Spanky Moore and Jemma Hartley uncover a hunger for spiritual direction amongst young adult Christians
ne weekend this February, over 250 Cantabrian young adults from more than 35 churches of various denominations (and none at all) packed their tents and gas burners for The Festival of Salt and Light. Set on a farm at Gore Bay, North Canterbury, the weekend offered a smorgasbord of odd things happening in unexpected places – with plenty of room for general lazing and socialising. The festival had a lineup of great guest speakers, including the Pakeha Dean of St John’s College, Dr Helen-Ann Hartley, and
many of us … have forgotten the basic skills of how to disciple people.
Rev Darryl Gardiner, as well as workshops covering topics as broad as ‘how to choose a job that honours God’ through to Christian meditation. But on the Saturday afternoon, while most people wandered to the beach to swim or sunbathe, an experiment took place. The Revs Megan Herles-Mooar and Ian Smith and set up two chairs at opposite ends of the main meeting marquee, and made themselves available during the afternoon for ‘Speed Spiritual Direction’ sessions. Was anyone interested? Yup. Big time. To their surprise, a steady stream of young adults lined up for the chance to explore, question and lament their faith with a safe stranger. “What struck me about the experience at Salt and Light was the eagerness with which the young people entered the process.” Says Megan. “There is little time for messing about – they sit down with you and in a short time are sharing with profound depth the spiritual issues they are wrestling with. Unresolved guilt, uncertainty about the future, the difficulty in hearing God's voice in a new way, the trauma of being wounded by the church. I was profoundly aware of the need and desire among these amazing men and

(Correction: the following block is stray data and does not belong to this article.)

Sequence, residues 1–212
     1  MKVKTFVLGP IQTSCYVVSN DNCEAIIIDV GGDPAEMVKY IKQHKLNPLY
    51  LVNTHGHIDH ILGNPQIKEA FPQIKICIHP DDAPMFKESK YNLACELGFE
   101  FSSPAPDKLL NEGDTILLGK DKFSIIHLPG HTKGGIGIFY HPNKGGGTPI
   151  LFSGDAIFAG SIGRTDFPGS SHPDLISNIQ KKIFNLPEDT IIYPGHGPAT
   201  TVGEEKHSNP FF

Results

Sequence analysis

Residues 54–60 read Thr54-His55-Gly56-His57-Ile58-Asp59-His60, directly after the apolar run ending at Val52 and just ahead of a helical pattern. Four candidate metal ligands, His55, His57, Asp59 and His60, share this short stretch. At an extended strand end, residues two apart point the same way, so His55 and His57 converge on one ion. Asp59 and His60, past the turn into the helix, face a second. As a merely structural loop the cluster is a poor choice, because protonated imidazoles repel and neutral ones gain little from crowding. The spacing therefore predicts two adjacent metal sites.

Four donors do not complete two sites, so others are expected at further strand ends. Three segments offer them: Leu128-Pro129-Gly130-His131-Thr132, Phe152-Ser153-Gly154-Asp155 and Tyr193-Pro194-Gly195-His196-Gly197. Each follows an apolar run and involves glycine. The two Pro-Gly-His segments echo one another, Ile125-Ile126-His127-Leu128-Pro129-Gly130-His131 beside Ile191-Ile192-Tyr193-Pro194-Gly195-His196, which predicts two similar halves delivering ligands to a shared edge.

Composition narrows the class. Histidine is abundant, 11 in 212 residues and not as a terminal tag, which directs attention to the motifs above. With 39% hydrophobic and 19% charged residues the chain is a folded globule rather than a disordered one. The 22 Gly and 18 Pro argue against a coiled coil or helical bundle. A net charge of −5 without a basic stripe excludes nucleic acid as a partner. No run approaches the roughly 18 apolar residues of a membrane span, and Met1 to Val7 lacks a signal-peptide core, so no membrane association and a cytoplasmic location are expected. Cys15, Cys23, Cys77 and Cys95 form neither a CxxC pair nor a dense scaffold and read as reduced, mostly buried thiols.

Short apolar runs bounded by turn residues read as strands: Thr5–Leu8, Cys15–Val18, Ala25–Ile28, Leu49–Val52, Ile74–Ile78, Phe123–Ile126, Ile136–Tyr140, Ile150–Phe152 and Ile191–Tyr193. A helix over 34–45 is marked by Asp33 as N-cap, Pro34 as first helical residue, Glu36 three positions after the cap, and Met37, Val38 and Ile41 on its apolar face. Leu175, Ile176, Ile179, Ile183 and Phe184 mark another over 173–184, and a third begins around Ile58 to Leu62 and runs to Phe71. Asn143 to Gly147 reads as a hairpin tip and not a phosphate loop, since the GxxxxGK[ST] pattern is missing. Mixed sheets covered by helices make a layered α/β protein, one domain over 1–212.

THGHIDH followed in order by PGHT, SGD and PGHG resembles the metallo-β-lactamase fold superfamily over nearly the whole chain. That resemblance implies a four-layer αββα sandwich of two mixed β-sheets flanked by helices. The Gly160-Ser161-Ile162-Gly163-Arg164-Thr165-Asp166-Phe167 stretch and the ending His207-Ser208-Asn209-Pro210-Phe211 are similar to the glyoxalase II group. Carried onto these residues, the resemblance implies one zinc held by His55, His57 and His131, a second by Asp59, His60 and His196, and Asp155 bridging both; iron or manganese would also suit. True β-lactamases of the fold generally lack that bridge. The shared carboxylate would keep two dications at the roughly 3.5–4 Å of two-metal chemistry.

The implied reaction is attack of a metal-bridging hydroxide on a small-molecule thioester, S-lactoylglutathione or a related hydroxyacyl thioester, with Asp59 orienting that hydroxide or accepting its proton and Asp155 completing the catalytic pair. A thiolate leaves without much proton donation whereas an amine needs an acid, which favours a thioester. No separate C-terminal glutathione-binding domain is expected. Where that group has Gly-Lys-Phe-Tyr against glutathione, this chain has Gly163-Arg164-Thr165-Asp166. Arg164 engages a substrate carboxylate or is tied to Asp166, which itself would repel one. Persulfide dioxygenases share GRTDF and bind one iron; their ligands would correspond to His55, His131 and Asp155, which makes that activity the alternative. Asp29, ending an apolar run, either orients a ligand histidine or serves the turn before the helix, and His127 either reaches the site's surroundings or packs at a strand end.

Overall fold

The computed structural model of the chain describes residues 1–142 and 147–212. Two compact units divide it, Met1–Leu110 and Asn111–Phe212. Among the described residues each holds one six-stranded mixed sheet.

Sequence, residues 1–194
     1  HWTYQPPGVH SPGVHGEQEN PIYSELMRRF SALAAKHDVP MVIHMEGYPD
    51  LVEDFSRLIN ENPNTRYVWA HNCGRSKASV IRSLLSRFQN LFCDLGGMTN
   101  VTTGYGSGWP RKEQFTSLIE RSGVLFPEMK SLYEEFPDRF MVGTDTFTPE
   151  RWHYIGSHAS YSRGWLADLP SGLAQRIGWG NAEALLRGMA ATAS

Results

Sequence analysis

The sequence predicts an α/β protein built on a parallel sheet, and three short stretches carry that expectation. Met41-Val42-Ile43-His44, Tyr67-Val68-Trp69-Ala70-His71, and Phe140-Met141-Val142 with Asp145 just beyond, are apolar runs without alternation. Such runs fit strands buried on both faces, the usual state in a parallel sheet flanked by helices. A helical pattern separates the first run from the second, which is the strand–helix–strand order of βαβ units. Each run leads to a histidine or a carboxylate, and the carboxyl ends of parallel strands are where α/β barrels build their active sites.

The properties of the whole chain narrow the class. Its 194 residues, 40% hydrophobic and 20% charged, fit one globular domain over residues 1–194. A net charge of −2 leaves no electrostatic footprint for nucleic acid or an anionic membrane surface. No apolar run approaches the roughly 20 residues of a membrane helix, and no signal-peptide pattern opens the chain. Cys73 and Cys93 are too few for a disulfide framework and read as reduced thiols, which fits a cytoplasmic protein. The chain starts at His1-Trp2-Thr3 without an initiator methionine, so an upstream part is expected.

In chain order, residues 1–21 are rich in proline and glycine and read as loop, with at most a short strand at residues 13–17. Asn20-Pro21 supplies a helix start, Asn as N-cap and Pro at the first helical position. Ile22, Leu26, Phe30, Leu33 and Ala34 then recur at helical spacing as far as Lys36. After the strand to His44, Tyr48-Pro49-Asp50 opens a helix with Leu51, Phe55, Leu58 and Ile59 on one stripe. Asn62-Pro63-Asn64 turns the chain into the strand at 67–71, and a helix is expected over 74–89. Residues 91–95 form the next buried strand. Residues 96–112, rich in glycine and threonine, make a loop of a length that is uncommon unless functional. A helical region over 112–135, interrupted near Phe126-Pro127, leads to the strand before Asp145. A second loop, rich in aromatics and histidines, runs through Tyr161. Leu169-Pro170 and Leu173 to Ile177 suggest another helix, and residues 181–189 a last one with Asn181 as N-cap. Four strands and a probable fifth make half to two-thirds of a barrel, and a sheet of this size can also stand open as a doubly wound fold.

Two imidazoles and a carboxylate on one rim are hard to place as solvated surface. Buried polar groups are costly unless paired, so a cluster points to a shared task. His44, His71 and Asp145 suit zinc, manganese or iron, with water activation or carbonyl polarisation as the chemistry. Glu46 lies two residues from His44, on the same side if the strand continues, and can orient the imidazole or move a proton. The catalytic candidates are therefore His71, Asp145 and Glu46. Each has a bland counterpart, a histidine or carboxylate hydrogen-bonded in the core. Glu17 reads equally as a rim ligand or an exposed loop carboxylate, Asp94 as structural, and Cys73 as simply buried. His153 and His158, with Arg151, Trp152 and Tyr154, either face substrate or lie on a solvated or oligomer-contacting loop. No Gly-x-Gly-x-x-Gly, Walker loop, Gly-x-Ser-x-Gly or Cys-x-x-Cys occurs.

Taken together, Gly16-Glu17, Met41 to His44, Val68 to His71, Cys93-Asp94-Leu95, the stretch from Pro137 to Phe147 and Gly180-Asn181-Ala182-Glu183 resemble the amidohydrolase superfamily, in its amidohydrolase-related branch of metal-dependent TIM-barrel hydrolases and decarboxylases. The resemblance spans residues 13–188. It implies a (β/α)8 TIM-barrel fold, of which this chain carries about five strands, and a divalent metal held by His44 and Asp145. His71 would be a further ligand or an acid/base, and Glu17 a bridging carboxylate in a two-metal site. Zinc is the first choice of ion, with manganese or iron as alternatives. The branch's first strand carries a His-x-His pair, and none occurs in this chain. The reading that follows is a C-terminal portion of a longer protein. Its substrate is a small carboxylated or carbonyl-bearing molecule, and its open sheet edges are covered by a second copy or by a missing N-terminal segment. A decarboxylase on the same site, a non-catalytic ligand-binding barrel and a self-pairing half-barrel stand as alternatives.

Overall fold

women to connect with another and talk about what was happening in their lives with God, and was deeply moved by the experience.” “I’m left with a great sense of need in this age group.” Globally, there’s an emerging realization that many of us in the Western Church have forgotten the basic skills of how to disciple people. Sure – we know how to run worship services, small group discussions, community outreaches and theological lectures – but that relational skill of helping someone younger in faith navigate a world of consumerism and competing voices in the Way of Jesus has pretty much lapsed into a long lost art form. Which begs the question, could Spiritual Direction be one way for the Anglican Church to engage young adults where they’re currently itching? Last year Jemma Hartley, a 21 yearold student at Canterbury University, had hit a wall with her faith, which lead to a profound experience with a Spiritual Mentor from her church. Here’s how she tells the story. Spanky Moore
Magazine of the Anglican Church of Aotearoa New Zealand.